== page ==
JERUSALEM -- Prime Minister Benjamin Netanyahu on Sunday dismissed warnings by U.S. Secretary of State John Kerry that Israel could be targeted by a growing boycott campaign if peace talks with the Palestinians fail.
Netanyahu tried to reassure Israelis, saying any boycott attempts are immoral, unjust and "will not achieve their goal," while two government ministers accused Kerry of unfair pressure tactics and not standing by Israel.
Kerry's comments and the aggrieved Israeli response led the main TV news shows Sunday, signaling a growing concern here that the world will use economic pressure to extract concessions.
A Palestinian-led campaign of boycott, divestment and sanctions, launched in 2005, was long considered by Israel as a minor nuisance. However, recent warnings by Europe and by Israel's own finance minister about potential damage from a widening boycott have raised the level of concern.
At the same time, a small but growing number of European businesses and pension funds cut ties with Israeli firms linked to settlements in the West Bank and east Jerusalem, war-won lands the Palestinians want for a state. Over the weekend, Denmark's largest bank, Danske Bank, blacklisted Israel's Bank Hapoalim because of links to settlement activity.
Kerry is expected to present a framework for a peace deal in coming weeks. Anticipating resistance from Netanyahu and Palestinian President Mahmoud Abbas, he has spelled out the risks if they say no to his plan.
Israel won't be able to preserve its future as a democratic, majority-Jewish state and will endanger its prosperity, while the Palestinians will inadvertently embolden hardliners, Kerry warned last month in an apparent attempt to appeal directly to public opinion on both sides.
On Saturday, at a security conference in Germany, he sent a tougher message to the Israelis.
"You see for Israel there's an increasing de-legitimization campaign that has been building up. People are very sensitive to it. There are talk of boycotts and other kinds of things," Kerry said. "Today's status quo absolutely, to a certainty, I promise you 100 percent, cannot be maintained. It's not sustainable. It's illusionary."
Israeli public opinion toward a peace deal has changed in paradoxical ways over the years, with polls suggesting more Israelis now support the establishment of a Palestinian state, but are also increasingly suspicious of Palestinian intentions and skeptical that an agreement can be struck and implemented. With the economy robust and the security situation stable, the government hasn't faced widespread public pressure to compromise.
This could change, said analyst Nadav Eyal.
"Israel has performed an economic miracle in the past 30 years," Eyal wrote Sunday in the Maariv daily. "In a reality of globalization, however, this miracle is completely linked to the reciprocal relations between Israel and the Western world. But success, any success, has a permanent weakness: what's given can also be taken back."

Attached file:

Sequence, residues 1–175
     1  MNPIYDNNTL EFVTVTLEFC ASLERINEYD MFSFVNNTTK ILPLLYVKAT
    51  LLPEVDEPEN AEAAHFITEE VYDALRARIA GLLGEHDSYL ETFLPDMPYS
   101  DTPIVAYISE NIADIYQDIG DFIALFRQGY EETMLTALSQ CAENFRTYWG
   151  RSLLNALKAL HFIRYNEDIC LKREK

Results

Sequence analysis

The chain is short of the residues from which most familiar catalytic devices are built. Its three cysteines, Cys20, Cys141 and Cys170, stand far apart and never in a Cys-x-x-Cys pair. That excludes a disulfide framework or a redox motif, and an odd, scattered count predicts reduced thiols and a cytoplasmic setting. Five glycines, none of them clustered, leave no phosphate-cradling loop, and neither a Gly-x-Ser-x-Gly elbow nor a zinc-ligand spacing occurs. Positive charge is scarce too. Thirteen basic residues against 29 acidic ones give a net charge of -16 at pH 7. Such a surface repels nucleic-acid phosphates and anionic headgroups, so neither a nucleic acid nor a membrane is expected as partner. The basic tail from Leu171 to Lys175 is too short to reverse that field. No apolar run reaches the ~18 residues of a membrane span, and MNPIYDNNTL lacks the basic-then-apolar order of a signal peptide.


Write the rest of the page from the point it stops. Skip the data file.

"The hammer John Kerry is swinging may sound weak at first, but its pounding will only get louder," he added.
The fallout from Kerry's latest comments led the main TV news broadcasts Sunday evening. "Advice from a worried friend or a veiled threat?" asked the anchor on Channel Two.
For hard-liners in Netanyahu's center-right coalition, the answer was clear.
Intelligence Minister Yuval Steinitz of Netanyahu's Likud party said Israel can't be expected "to conduct negotiations with a gun pointed to its head," calling Kerry's comments offensive.
Economics Minister Naftali Bennett, from the religious, pro-settler Jewish Home party, suggested Kerry was siding with Israel's foes. "We expect our friends around the world to stand beside us, against anti-Semitic boycott efforts targeting Israel, and not for them to be their amplifier," said Bennett, a fierce critic of the Kerry-led talks.
However, Avishai Braverman, a senior Israeli economist and member of the opposition Labor Party, said Israeli leaders should take Kerry's warnings to heart.
"If Israel doesn't move forward in the peace process, it would be very severe for the long-term economic future of the country," said Braverman, a former World Bank economist.
The State Department said Kerry was describing actions taken by others that he always opposed.
But tensions between the U.S. and Israel, traditionally close allies, have mounted ahead of Kerry's anticipated framework proposal which is to buy time for extending the talks beyond an end-of-April target date for a deal.
Kerry is to present the proposals in coming weeks and has hinted at some of his ideas -- likely tough to swallow for both Netanyahu and Abbas -- in recent speeches.
Israel's 1967 frontier, before it captured the West Bank, Gaza and east Jerusalem, would likely be a reference point for drawing the border of a future Palestine, though land swaps would allow Israel to keep some of the dozens of settlements it has built on occupied lands. The Palestinians, in turn, would have to recognize Israel as the homeland of the Jewish people.
Netanyahu has rejected the 1967 lines as a starting point in the past, while Abbas has said he won't recognize Israel as a Jewish state. It's not clear how they will respond when Kerry presents his plan. U.S. officials have said the two sides could express reservations, but not to an extent that would make the framework devoid of meaning.
Israel will likely suffer harsher international repercussions than the Palestinians if the talks collapse, said Israeli analyst Yossi Alpher. "The Palestinians are the underdog, they can get away with a lot more by refusing Kerry than we can get away with," he said. "Politically, it will isolate Israel."